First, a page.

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Street Food in Thailand...A Smorgasbord For All The Senses by Carolyn Nantais


#255 - 23 - 12 - Street Food in Thailand...A Smorgasbord For All The Senses by Carolyn Nantais
[ 2008-03-22 10:33:36 ] - lizc

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Like other Southeast Asian countries, food stalls are everywhere in the streets, markets and festivals of Thailand, providing an endless smorgasbord of aromas, color and flavors - food in Thailand is a feast for all of the senses.
Picture a barbecue hotdog stand outside a North American sports stadium. Now, instead of hotdogs and buns sizzling on a grill, the food cart is laden with fresh bananas, which are slathered in batter and deep-fried to golden in a giant wok, then scooped into a paper bag like a super size order of extra thick homecut french fries. That was my first breakfast in Thailand while I watched hundreds of beautifully costumed elephants play soccer and tug-of-war in an annual Elephant Round-up in Surin, in the far northeast of the country!

The next 'hotdog stand' does have a grill, placed over a large bin of charcoal, with flattened chicken quarters sizzling on sticks that you eat like a Popsicle; next door to that is yet another steel cart heaped with fresh, ripe pineapple, mango and papaya, and sporting a huge mortar and pestle for transforming the greener papayas into a crunchy, sweet-sour-spicy salad with morsels of shrimp or squid, chiles, garlic and sugar.

What makes Thai food so delicious and distinctive among other Southeast Asian food is this unique blending of fresh herbs, spices and other ingredients that combine for a perfect balance of sweet, sour, salt and heat that leaves your mouth feeling clean and your tastebuds popping in the afterglow.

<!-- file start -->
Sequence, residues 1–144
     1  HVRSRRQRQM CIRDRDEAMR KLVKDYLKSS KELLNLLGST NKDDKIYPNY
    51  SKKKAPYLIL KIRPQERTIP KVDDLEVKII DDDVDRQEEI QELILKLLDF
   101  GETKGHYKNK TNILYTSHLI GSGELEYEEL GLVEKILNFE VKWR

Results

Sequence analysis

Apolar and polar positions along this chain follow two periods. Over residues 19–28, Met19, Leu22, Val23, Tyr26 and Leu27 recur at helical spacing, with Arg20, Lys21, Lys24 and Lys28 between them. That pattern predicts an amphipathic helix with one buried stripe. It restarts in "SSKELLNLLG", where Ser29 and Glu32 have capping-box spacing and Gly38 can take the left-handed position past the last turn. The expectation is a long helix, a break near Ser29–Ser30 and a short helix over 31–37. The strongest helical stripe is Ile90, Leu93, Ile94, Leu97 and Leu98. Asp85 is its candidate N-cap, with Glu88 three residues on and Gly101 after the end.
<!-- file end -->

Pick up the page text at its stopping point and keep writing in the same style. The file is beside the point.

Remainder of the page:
Fresh fruit, salads and even soups and noodles are ladled into plastic bags with a skewer, fork, spoon or straw for eating on the go or perched on a folding chair at a nearby metal card table in the market.

Thai buses and trains become moving picnic grounds, with everyone chatting, eating and sharing the fare hawked through the vehicles' windows at roadside stops and terminals: Gai Yang, the flattened barbecue chicken on a stick, skewered meat and fish balls and sticky rice wrapped in banana leaves.

Carnivals and markets feature huge woks at knee-height, bubbling with deep-fried critters of all sorts, many unidentifiable. Are they grasshoppers? crickets? spiders? baby birds? small frogs? -- my mouth and eyes were constantly wide open in wonder and amazement!